This is how we (foam) roll

By Stacy Garceau, MS, ATC, LAT
Integrated Rehabilitation Services
Athletic Trainer, East Catholic High School

Running, playing sports or weight lifting will continuously cause your muscles to breakdown and repair. Over time, muscles can become tight when the fascia (connective tissue that surrounds muscle) starts to thicken and contract in order to protect muscle from damage. If the fascia contracts too much, trigger points or tender spots within a muscle can form. This is a problem because your body’s movements will be limited.

Foam rolling, or self-myofascial release, is becoming a more familiar practice for people of all fitness levels. It involves lying down, with a cylindrical styrofoam roll placed between your body and the ground. By using your body weight, the foam roller is pressed into the muscle group being treated, and then your body is moved back and forth over it; you are essentially “rolling” along the ground. You should roll slowly along the entire length of the muscle in each direction. It is also important to foam roll muscle groups that attach to the area where you are having pain. For example, if your IT band feels tight and is painful, you should foam roll your glutes, quads, hamstrings, and calf in addition to the IT band. When you find an area within your muscle that is painful to roll over, you should pause on that spot for 15-30 seconds and try to relax as much as possible. This will help to release the muscle and decrease your overall pain. You should continue to roll out the entire muscle group for at least 2-5 minutes.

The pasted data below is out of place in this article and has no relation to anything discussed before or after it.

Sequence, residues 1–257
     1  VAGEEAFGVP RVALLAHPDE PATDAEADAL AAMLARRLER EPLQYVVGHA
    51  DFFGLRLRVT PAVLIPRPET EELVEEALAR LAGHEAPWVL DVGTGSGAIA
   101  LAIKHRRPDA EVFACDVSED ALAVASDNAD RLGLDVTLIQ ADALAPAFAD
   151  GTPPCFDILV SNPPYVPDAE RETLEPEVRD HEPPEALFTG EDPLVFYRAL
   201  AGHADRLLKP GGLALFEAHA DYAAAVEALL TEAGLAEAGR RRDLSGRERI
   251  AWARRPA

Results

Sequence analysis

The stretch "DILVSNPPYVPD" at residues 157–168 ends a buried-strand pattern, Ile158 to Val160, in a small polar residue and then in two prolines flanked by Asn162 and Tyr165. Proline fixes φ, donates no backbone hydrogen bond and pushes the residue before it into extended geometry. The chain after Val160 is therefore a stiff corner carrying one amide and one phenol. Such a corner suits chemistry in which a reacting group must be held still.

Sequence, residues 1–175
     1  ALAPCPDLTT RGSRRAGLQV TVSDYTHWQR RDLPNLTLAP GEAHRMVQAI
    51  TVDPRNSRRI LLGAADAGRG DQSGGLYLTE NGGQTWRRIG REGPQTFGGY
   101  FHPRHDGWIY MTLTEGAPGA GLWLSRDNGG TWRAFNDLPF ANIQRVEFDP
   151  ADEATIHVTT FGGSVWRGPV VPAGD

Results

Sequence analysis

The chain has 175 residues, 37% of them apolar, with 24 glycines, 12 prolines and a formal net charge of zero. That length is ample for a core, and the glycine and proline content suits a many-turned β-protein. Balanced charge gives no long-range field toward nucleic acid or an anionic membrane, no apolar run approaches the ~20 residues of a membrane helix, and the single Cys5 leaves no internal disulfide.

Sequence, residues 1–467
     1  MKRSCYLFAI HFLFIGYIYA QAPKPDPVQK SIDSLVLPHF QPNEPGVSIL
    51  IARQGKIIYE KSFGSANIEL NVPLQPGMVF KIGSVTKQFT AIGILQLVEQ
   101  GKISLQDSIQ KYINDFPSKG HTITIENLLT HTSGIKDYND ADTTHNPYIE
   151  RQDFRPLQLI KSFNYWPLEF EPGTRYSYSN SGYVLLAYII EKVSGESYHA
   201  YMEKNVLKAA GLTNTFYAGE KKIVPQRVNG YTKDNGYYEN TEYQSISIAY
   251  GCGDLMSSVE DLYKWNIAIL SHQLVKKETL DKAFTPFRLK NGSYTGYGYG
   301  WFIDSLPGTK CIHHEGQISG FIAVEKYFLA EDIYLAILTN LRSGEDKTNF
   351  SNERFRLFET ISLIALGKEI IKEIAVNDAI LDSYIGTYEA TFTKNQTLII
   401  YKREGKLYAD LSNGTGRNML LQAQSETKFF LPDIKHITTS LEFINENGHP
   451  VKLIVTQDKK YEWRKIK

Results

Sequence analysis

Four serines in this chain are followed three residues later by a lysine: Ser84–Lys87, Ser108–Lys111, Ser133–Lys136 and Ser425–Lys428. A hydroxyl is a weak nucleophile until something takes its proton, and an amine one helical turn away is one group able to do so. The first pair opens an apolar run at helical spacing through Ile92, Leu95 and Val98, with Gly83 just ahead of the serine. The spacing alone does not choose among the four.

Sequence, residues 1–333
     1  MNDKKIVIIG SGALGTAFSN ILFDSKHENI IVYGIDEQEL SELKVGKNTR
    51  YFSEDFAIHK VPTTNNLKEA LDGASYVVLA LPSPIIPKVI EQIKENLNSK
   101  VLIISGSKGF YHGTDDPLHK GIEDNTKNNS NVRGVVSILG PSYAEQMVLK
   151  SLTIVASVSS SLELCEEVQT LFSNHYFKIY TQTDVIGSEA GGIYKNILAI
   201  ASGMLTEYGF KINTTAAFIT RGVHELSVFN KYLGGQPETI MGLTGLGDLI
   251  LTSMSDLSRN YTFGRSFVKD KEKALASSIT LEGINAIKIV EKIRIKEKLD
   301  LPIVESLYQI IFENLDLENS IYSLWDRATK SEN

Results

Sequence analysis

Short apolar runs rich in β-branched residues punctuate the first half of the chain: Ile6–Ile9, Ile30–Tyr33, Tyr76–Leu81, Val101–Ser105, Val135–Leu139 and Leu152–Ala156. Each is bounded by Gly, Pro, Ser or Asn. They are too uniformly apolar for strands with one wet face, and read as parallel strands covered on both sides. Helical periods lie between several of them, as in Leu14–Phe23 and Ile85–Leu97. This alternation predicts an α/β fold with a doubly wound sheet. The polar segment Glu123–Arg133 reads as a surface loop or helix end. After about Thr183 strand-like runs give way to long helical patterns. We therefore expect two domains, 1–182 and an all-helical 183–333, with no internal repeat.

The deep compression of foam rolling helps to relax tight muscles and break up adhesions that have formed between muscle layers and their surrounding tissues. Research has shown that foam rolling can increase flexibility both acutely (right after use) and chronically (long term) if used consistently. Foam rollers can also help release painful trigger points, which will increase flexibility, helping to re-establish proper movement patterns within your body. Normal blood flow will be restored to the involved area, which can help the body recover after a tough workout.

For more information regarding an appropriate foam rolling program designed to meet your specific goals, please contact any of our Integrated clinics or visit us at IntegRehab.com.

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